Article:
1872 – 1944
Piet Mondrian is regarded the pioneer of abstract art. Before he came up with his famous abstract paintings, he went through many art styles.
At a young age he was taught drawing by his father, who was, among other things, a drawing teacher. It was obvious that he would also become a drawing teacher. But Mondrian had put another dot on his horizon. His aim was to enrol in the Rijksacademie in Amsterdam, which he succeeded in 1892. He painted landscapes, still lifes and portraits in the common styles of that time such as Impressionism, Fauvism and Expressionism.
In 1912 he moved to Paris where he learned about the cubist works of Picasso and Braque. In Cubism, visible reality is fragmented. It seems as if you are looking at things through a broken window. Mondrian adopts this style but combines it with his own theoretical views.
His father’s illness and the outbreak of the First World War made him return to the Netherlands. abstract From 1917 he only makes abstract paintings. He called himself an abstract realist because he was inspired by reality. In the same year he made a series of paintings of ‘dancing’, rhythmically ordered colour planes. He ruled out the comparison with observable reality by using only the ‘primary colours’ red, blue and yellow, supplemented by non-colours such as grey, white and black. From this moment on, he also arranged planes and lines only horizontally and vertically. It seems very simple to make these works, but Mondrian was looking for the ultimate composition of lines, colours, and planes. Until his death he tried to make the ideal painting. He said about this:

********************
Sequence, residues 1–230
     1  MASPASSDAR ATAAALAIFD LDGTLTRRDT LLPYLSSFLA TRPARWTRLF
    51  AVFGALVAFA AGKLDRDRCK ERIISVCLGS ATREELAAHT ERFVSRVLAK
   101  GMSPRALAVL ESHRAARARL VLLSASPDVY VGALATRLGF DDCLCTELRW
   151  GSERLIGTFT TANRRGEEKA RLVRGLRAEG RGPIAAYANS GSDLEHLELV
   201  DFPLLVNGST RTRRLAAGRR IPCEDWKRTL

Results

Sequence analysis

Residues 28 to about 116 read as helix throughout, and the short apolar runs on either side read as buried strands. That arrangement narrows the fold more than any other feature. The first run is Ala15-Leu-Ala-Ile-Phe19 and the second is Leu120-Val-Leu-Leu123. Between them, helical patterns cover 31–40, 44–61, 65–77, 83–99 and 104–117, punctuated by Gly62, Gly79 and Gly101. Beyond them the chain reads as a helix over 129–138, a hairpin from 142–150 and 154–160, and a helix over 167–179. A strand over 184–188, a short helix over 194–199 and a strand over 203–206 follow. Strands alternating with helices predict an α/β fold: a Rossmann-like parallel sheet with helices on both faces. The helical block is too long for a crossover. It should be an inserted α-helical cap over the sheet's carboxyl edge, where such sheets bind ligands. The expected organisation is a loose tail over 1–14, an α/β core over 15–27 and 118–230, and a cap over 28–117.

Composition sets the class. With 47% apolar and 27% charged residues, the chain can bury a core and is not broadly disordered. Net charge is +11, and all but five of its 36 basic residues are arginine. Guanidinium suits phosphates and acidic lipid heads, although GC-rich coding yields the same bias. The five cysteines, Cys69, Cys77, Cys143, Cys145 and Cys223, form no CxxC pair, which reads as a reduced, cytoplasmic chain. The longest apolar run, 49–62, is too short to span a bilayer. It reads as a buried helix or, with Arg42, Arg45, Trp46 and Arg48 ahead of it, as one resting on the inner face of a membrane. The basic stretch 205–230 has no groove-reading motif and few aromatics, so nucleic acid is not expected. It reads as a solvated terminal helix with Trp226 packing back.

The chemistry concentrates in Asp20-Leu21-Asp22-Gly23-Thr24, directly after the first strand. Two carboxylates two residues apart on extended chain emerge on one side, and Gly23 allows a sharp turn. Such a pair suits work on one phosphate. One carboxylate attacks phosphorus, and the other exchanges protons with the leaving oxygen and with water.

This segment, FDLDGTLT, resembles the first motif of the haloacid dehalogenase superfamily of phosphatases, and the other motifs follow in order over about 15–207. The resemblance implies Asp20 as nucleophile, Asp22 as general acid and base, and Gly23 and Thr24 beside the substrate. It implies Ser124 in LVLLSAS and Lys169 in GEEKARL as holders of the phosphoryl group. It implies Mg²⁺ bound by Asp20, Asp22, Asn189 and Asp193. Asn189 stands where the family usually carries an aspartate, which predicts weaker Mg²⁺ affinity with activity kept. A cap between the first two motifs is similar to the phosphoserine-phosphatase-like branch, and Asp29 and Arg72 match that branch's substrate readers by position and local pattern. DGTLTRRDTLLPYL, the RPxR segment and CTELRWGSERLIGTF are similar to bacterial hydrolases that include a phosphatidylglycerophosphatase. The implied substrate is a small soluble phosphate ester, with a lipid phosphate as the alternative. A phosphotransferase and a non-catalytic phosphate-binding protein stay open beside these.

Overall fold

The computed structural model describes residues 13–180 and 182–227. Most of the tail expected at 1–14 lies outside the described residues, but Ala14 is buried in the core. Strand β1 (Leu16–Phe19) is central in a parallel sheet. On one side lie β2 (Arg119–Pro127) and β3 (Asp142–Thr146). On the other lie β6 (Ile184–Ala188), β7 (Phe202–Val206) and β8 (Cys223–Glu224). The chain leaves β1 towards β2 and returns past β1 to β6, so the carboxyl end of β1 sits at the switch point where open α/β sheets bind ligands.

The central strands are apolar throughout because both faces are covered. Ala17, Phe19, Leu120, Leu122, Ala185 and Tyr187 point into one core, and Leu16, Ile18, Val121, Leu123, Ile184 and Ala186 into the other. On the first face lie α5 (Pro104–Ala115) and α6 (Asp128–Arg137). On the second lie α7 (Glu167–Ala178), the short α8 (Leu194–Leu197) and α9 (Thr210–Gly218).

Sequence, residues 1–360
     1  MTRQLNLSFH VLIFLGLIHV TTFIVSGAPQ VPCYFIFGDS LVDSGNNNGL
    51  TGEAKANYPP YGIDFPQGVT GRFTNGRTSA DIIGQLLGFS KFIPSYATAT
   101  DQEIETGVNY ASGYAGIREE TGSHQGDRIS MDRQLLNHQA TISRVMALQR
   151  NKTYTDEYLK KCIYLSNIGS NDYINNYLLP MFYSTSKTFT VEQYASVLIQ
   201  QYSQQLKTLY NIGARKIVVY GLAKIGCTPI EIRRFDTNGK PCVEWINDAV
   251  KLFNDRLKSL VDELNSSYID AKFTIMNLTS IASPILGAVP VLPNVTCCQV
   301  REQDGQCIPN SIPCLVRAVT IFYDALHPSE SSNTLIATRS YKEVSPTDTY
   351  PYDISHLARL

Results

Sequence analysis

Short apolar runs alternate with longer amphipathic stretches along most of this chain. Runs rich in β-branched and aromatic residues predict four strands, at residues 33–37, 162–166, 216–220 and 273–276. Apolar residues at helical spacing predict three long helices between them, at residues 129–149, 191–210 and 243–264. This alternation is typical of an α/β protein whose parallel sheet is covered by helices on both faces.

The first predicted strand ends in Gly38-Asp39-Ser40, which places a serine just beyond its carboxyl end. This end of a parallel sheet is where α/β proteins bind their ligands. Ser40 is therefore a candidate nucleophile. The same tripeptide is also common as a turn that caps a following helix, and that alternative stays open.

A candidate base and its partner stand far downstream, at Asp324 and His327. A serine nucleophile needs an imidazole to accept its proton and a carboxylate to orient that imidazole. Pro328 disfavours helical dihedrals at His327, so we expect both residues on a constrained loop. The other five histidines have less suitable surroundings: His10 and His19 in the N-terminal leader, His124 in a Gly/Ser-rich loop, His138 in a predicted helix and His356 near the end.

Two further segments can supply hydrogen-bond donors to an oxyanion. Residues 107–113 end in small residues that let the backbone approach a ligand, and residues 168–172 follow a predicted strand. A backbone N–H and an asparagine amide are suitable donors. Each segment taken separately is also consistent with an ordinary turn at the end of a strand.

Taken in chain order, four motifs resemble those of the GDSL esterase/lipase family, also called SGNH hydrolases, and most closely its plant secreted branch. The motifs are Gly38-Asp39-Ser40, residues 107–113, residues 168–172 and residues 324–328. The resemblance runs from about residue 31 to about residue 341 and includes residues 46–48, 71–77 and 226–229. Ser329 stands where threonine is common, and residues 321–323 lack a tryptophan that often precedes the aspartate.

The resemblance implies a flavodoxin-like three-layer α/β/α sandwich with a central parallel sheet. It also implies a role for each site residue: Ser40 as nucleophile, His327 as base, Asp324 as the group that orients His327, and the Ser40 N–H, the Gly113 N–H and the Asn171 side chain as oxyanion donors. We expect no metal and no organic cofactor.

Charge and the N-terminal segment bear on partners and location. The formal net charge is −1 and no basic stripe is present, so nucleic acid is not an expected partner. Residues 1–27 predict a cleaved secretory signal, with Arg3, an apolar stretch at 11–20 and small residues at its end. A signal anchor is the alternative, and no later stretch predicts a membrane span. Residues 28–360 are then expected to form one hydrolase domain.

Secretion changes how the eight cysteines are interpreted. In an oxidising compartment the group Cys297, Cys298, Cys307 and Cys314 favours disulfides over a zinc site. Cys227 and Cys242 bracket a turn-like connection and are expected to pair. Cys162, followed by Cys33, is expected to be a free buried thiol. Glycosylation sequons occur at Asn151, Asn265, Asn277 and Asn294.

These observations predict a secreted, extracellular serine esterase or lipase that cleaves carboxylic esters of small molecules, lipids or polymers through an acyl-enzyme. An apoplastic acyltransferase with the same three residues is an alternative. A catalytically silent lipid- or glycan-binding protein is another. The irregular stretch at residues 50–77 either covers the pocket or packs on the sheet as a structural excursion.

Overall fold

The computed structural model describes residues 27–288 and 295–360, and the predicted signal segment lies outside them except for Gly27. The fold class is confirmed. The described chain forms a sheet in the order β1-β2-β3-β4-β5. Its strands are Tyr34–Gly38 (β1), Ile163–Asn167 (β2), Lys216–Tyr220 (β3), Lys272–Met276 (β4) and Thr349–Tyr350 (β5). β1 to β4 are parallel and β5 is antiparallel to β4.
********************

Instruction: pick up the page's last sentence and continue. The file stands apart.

“I construct lines and colour combinations on a flat surface with the aim of portraying general beauty as consciously as possible. […] I want to come as close as possible to the truth and therefore abstract everything until I come to the foundation … of things. […] I believe that it is possible by horizontal and vertical lines, constructed consciously but not calculating […] if necessary supplemented by other directional lines or curved lines, if necessary, to arrive at a work of art as strong as true.”
Due to the threat of the Second World War Mondrian, first left for London in 1938 and in 1940 for New York. There he was taken care of by Harry Holtzman, who not only helped him to a studio, but also bought furniture and a record player for him and introduced him to boogie-woogie and blues music. Mondrian was also immediately accepted in the New York avant-garde.
Mondriaan, Victory Boogie-Woogie, 1942-44 (unfinished)), oilpaint, tape, paper, charcoal and pencil on canvas, 127.5 x 127.5 cm. Collection Kunstmuseum, The Hague